TYPES OF BUILDINGS
BROWNSTONES OR TOWNHOUSES
These are typically 4 to 6 story buildings built in the 1800’s through the early 1900’s. They are either single family houses or have been converted over the years into multiple apartments. As a single-family home, a townhouse or brownstone offers buyers privacy and the ability to purchase without the cooperative board process. Some apartments in townhouses can have grand living spaces and, therefore, will be quite expensive. Generally, these buildings afford more “charm”, with features such as gardens, fireplaces, beautiful floors and ornamental wood moldings. In almost all cases these buildings will not have a doorman. One can also purchase a coop or condo unit in a townhouse building. The term “brownstone” refers to the type of material used as facing on the front of the structure.
Prewar buildings are those built before World War II. These buildings are usually ten to twenty stories, provide spacious apartment lay-outs, gracious architectural amenities with features such as larger rooms, fireplaces, hardwood parquet floors and higher ceilings. These can be doorman or non-doorman buildings.
POST WAR BUILDINGS
These buildings were built between the late 1940’s through the 1970’s. They are generally hi-rise and are constructed of white, red or brown brick. Most will have doormen. Postwar apartments may actually afford more living space than their prewar counterparts in studio, one and two bedroom sizes. They have ample closets, live-in superintendent and laundry facilities.
HI RISE FULL-SERVICE BUILDINGS
These are generally associated with new construction or are apartment buildings that were built from the 1980’s through the present. They are typically condominiums, twenty to forty or more stories with doorman and concierge services. Other amenities often include: health clubs and swimming pools, valet services and parking garages
This description is usually reserved for a non-doorman building that is six to twenty stories tall. There is usually an intercom security system, and some may have video security. These buildings could fall into either the pre-war or the post-war category.
These buildings either were previously built for commercial or manufacturing purposes and are now used for residential living spaces or are newly constructed as loft buildings. The spaces typically offer higher ceilings (9 feet-20 feet), open spaces and original details such as supporting columns, tin ceilings, etc. They are usually found in Greenwich Village, SoHo, TriBeCa, Chelsea, Flatiron, Nolita, and lower Manhattan and often do not have the services of a doorman.
This is the least expensive type of housing, and the quality can vary widely. Usually these are 4 to 5 story buildings with no elevator, hence the term “walk-up.” They were originally constructed as multi-family housing and lack the charm and elegance of traditional brownstones or townhouses.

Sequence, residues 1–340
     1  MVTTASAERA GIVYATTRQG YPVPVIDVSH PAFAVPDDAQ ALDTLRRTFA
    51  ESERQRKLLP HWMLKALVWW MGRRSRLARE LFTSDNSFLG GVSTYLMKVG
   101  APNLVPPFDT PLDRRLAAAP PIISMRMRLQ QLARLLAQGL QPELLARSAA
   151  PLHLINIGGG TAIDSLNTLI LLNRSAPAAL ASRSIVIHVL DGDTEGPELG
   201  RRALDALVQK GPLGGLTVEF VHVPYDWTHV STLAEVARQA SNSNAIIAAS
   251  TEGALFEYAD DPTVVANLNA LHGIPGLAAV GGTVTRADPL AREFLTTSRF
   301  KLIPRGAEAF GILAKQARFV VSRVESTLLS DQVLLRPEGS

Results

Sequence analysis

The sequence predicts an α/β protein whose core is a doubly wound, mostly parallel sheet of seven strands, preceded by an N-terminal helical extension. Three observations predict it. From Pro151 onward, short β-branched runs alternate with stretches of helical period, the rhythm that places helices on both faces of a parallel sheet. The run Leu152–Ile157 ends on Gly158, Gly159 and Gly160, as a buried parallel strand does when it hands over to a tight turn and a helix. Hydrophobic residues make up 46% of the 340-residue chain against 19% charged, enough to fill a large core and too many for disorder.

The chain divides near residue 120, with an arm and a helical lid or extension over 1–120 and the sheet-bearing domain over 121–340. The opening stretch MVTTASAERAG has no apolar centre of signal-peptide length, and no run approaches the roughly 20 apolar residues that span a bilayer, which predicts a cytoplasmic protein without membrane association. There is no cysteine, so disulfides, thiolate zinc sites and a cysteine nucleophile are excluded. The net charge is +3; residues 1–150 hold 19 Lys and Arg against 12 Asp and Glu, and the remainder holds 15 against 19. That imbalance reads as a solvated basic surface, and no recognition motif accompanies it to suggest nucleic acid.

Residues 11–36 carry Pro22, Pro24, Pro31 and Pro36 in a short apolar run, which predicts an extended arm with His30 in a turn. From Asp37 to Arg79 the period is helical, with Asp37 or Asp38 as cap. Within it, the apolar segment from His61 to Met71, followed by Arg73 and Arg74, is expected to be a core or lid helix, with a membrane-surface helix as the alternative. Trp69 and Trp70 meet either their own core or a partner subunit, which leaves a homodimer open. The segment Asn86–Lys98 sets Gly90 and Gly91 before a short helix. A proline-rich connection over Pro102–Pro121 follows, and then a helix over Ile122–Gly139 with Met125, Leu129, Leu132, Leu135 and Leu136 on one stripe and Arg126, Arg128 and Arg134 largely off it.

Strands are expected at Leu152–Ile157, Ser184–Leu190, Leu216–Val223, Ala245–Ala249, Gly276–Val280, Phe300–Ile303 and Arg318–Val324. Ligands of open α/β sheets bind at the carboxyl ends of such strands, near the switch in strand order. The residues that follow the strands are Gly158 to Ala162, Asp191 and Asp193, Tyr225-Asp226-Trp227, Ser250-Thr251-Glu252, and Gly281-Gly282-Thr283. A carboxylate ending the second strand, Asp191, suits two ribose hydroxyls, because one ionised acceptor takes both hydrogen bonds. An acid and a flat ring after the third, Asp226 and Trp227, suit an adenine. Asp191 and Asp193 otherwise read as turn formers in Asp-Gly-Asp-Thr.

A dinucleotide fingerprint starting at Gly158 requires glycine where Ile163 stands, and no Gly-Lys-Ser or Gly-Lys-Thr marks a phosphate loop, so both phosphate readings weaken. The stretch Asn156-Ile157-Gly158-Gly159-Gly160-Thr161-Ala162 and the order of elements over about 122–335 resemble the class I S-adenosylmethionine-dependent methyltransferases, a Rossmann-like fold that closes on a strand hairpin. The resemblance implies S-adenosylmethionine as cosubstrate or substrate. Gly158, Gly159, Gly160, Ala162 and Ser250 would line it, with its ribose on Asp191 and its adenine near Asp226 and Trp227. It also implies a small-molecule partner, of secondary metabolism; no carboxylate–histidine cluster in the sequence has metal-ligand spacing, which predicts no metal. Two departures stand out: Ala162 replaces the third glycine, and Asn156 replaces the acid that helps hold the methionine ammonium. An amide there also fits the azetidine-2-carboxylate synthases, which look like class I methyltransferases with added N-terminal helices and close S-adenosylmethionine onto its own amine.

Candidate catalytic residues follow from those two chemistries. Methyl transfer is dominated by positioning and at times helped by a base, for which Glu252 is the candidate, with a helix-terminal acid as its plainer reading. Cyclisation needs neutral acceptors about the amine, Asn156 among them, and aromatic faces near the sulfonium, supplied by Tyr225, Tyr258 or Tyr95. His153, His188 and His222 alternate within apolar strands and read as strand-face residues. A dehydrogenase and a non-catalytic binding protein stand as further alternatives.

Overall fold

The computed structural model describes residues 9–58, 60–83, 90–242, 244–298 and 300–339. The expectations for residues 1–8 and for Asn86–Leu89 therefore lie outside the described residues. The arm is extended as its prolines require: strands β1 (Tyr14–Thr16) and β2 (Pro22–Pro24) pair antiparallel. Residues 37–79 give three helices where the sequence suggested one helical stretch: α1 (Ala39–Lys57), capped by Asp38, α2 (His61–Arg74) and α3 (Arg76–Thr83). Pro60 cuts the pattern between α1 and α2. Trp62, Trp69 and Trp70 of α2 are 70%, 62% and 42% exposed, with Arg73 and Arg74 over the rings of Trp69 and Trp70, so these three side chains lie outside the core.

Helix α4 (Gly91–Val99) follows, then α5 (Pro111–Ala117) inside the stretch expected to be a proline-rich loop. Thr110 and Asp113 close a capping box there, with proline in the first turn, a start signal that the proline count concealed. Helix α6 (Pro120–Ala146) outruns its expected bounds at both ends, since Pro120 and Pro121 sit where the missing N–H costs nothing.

A Few Unique Ones
Familiarize yourself with the following terminology. It’s almost all unique to New York City. It’s also important to know that we speak in “number of rooms,” as well as using the definitions below. A room in Manhattan must be at least 100 square feet and have a window…except in the case of a kitchen. Most kitchens are considered rooms, unless they are Pullman types, which would be found as part of the living room. And we don’t count baths as rooms.
So, a three-room apartment would be comprised of a Living Room, a kitchen and a bedroom. A four-room apartment would have a living room, a kitchen, two bedrooms, or one bedroom and a dining room. You’ll hear the term half of a room, e.g., three and a half rooms. This means that the living room has an alcove adjacent to it; which is not quite the size of a true room, or in some cases it may mean a foyer large enough for dining. Review the list below.
One or two rooms with combined living and sleeping area. If the studio is one room, the kitchen will be of the Pullman variety. If it is two rooms, the kitchen will be separate.
Alcove is an area adjoining the living room space of an apartment. It is generally less than 100 square feet and is not considered a full room, but often called a half room. It can be used as a “dining alcove” or “sleeping alcove”. Depending upon size, it may actually be “walled off” to create an additional bedroom.
This is either a one and a half or two room apartment with a separate alcove, often L-shaped, which can be used as a sleeping area.
JUNIOR OR CONVERTIBLE
This is an apartment with an alcove off of the living room which can be converted into a bedroom or used for dining. A Junior 4, for instance, would be a three-room apartment (living room, kitchen and bedroom) which has the potential to be four rooms by using the alcove space to create an additional room.
In New York this means an apartment with two floors or levels, not two apartment units.
This is an additional space created in apartments with very high ceilings. The loft area is constructed above the traditional living area, accessed by a staircase or ladder, and used for extra storage, sleeping or living space (e.g., a mezzanine).
The word “classic” is usually followed by a number indicating the number of rooms in an apartment. It is generally associated with pre-war apartments that meet a criteria of room numbers and design for buildings of that period. However, a “classic” can exist in a post-war building, assuming it follows the same guidelines. As an example, a “classic six” is comprised of a living room, dining room, kitchen, two bedrooms, and a maid’s room.